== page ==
Holding meetings in the work place is something inevitable in order to succeed. They allow companies to communicate with their employees by motivation and information sharing, make projects easier to push forward and help with the process of policy decision-making. Traditionally, companies call for face-to-face meetings held in one office, one location, but because of increased costs and advancements in technology, changes are starting to happen regarding company meetings. Video conferences and Web conferencing are starting to replace some physical face-to-face meetings, as long distance meetings are becoming more popular.
Pro: The Same Event For Less
Advancing technology is making virtual communication and meetings a superior choice to physical confrontations. It may reduce costs by 50% to 80% because of cost cuts for venue rental, hotel rooms, transportation, and packing and shipping displays. For example, generating a lead could cost $20 virtually, while the same lead for a physical event could mean investing $200 to $1,000.
Con: Cant Replace Face to Face
Nothing can beat face-to-face interactions because it is still the most effective form of communication. Physical meetings deliver the rich, potent experiences that virtual meetings cant. There are communication messaging and social queues that could not be picked up if it weren’t for in person communication.
Travel is one of the major deciding factors between physical meetings and long distance ones. Not only does airfare and transportation cost a fortune these days, but you must also include accommodation costs such as hotel expenses. Not forgetting to mention how time consuming travel is, especially dealing with a company that works internationally as well. By switching to long-distance meetings, employees are more efficient with their time and it can impact their productivity.
Typically meetings are designed to share and review documents, make or review presentations, or vote on important decisions. All of these scenarios just mentioned can all be completed virtually. With today’s technology, it is easy to share content to all members present during the meeting and there are even online polling systems that can be used if such meeting required a vote on an important issue.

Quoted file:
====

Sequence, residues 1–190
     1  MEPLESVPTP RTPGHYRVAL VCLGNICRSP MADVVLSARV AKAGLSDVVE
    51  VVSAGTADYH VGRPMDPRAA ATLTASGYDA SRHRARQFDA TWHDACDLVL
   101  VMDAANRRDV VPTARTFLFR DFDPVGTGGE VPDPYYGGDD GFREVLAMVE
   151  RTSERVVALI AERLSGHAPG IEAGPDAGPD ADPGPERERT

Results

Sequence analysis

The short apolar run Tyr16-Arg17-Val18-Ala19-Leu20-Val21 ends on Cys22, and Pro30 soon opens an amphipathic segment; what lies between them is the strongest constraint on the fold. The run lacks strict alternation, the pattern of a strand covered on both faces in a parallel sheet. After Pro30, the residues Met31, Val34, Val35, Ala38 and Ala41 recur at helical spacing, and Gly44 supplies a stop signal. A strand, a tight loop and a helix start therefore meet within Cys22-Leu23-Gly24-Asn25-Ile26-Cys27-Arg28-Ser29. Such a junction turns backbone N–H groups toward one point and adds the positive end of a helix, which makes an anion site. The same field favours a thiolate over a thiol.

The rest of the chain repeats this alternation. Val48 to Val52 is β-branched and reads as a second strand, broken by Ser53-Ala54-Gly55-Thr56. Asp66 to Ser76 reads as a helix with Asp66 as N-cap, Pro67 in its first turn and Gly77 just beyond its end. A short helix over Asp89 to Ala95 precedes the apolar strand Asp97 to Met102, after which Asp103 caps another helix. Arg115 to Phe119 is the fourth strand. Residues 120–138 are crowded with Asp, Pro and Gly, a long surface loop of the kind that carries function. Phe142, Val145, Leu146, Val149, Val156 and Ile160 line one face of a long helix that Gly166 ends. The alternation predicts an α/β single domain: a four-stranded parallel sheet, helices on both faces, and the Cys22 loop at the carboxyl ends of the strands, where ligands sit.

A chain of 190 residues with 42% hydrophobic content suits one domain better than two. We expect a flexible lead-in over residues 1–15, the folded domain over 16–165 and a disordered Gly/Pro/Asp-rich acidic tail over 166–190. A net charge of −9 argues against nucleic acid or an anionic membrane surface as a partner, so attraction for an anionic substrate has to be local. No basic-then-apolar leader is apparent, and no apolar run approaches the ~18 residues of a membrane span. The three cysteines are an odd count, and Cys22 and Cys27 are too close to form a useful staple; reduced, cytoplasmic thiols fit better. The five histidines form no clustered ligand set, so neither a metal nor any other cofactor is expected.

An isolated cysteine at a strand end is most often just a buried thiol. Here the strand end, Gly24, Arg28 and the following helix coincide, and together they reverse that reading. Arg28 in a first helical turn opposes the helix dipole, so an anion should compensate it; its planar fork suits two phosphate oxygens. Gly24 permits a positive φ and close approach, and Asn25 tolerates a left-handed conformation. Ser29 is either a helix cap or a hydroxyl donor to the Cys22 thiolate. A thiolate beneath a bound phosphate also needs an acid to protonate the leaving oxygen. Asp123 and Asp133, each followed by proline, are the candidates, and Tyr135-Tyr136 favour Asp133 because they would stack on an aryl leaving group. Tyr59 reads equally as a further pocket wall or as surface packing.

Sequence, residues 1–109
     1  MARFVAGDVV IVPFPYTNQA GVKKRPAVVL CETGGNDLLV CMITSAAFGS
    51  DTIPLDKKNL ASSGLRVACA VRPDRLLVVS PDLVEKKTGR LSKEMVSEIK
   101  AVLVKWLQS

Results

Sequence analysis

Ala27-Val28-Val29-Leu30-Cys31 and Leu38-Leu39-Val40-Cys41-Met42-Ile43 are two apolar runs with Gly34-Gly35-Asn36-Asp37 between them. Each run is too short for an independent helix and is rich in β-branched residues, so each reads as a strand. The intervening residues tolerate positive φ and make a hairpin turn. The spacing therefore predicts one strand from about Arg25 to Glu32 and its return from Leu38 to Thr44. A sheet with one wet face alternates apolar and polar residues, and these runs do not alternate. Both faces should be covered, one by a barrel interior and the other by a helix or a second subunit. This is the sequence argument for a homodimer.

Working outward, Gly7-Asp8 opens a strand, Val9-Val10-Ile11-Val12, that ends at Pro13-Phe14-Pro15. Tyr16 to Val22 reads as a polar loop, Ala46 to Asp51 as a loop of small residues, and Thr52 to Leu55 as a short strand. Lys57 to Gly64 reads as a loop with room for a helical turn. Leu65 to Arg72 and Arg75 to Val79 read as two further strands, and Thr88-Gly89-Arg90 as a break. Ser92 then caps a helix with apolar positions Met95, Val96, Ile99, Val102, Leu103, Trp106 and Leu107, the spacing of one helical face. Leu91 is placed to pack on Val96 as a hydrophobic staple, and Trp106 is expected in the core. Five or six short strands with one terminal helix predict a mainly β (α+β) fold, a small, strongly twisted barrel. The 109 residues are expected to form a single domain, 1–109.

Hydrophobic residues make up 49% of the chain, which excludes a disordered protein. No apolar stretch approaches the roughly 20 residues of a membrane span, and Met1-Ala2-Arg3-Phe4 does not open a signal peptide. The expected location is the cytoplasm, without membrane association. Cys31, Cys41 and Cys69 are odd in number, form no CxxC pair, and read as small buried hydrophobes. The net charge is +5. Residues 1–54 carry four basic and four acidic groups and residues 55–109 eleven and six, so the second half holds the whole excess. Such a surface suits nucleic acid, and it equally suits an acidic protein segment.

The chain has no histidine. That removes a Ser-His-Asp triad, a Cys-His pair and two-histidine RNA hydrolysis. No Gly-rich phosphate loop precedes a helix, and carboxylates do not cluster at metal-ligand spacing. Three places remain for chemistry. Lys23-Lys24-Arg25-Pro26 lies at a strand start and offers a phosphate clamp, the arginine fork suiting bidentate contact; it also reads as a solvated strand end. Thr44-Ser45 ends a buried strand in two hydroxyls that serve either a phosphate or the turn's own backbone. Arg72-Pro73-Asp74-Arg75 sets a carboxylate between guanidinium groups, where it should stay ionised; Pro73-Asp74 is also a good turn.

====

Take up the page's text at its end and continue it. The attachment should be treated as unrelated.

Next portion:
One thing that face-to-face meetings do have an advantage over virtual communication is the way you can recognize body language and gestures. Non-verbal queues are sometimes more important than verbal gestures. They help listeners and speakers with knowing if their message is being understood and so on. Long distance meetings don’t have the same face-to-face experience, which makes it difficult to evaluate the effectiveness of the meeting.
Occasionally, meetings need to be put together at short notice, and virtual meetings tend to handle these last minute meetings a lot better than having to organize a face-to-face meeting. It is a lot easier to quickly get on a Web conference without prior booking verse checking the availability for all participants to fly out to one location.
The Beam is a mobile video-conferencing machine that lets people interact with remote locations by coupling high-end video and audio with the freedom of motion to move about a space. Next week, I will provide more information on this new phenomenon, which is on its way to become a game changer in the work place.
*Source: Ian Linton, “Long-Distance Meetings Vs. Face-to-Face Meetings,” Retrieved from http://smallbusiness.chron.com/longdistance-meetings-vs-facetoface-meetings-35427.html
*Source: Brent Arslaner and Spencer Jarrett, “Virtual Meetings Will Erase Face to Face,” January 27, 2009, Retrieved from http://www.businessweek.com/debateroom/archives/2009/01/virtual_meetings_will_erase_face_to_face.html